Editorial

The Whistler – October 2011

Tibetan Monks of Tashi Lhunpo Monastery

Tibetan Monks of Tashi Lhunpo Monastery, World Sacred Music Festival 2-16 October

A Christmas Party for West Hill residents is being planned by Vinod and Meena Mashru of Bright News for the second Saturday in December. Look out for more details in the next issue, but in the meantime, save the date.

The Whistler has always attracted regular contributions from a number of local residents and we’re happy to keep the tradition going. David Foot and Deborah Grant offer advice on finance and health, while Steve Percy pursues parking issues. We welcome our new contributors, Peter Batten who writes about his experiences in this town and elsewhere, and Andrew Polmear, who takes over the long-running Love of Wine column. Appropriate for this edition as October derives its name from the place it held in the old Roman calendar, when the year began in March and ended in February. The Old English called October Winmonath, (wine-month or the month of vintage), an allusion to the fact that the treading of the grape took place in this month. Some of our regular writers have moved on this year, Philip Reddaway, Sirena Bergman and Pizza Girl. We thank them for their columns and wish them well.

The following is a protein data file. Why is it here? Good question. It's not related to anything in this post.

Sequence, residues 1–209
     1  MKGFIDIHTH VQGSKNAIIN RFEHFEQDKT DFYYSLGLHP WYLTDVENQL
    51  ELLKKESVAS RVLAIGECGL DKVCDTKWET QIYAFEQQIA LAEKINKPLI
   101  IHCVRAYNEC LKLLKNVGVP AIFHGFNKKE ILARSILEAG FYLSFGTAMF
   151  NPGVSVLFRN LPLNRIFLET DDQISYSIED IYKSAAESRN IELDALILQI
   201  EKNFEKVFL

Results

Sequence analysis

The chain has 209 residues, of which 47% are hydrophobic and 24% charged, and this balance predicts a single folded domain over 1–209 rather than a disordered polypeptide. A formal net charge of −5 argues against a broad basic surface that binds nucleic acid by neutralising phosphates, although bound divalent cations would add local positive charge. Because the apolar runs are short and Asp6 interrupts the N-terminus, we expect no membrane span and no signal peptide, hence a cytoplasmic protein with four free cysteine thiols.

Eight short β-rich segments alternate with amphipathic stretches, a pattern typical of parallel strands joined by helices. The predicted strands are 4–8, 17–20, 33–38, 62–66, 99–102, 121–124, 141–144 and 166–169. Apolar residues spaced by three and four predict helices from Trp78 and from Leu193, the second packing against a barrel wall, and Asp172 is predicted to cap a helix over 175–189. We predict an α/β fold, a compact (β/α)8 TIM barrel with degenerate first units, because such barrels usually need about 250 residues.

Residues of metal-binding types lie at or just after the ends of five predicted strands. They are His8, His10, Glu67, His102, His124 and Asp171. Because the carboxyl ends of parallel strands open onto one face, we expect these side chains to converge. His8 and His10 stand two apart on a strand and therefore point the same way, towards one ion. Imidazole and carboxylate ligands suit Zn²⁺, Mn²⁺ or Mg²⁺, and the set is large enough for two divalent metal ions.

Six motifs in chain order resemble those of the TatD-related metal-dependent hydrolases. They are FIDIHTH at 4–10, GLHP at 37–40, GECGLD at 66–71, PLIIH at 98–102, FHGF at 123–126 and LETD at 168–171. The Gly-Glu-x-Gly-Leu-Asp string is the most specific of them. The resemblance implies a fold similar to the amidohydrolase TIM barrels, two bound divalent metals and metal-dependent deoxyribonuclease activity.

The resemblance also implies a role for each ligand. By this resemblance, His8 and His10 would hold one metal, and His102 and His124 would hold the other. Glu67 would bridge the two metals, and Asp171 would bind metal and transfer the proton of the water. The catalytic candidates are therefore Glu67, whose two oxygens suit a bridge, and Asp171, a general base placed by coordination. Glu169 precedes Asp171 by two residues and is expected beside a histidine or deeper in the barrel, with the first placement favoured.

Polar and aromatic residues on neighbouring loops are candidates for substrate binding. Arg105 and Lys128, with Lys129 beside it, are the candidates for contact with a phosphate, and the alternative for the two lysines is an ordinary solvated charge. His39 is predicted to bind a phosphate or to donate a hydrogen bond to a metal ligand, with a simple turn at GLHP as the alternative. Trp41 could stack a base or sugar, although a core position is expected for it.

We also thank our advertisers for their support in making the printing and distribution of The Whistler possible. It’s nice to be able to report when we use the advertisers’ services ourselves. For example, The Whistler office had an extremely slow laptop which has driven the editors mad for years. We called James, the man behind Computer Solutions, and a familiar face to those who use Bright News. We had a super-duper laptop back after a couple of days, with everything explained on a very reasonable invoice. James is the IT manager at Davigdor Infants School so he knows a thing or two about computers.

The West Hill Action Team meets on the first Tuesday of every other month in the West Hill Hall. Local councillors and police attend the meetings which are open to all residents. Recent discussions have covered a local notice board, Home Zones, where the emphasis is on pedestrian use rather than one which accommodates car users at the expense of others, dog fouling, crime levels, Neighbourhood Watch, cycling on the pavement, cars in cycle lanes, green waste and broken street lamps.

Categories: Editorial

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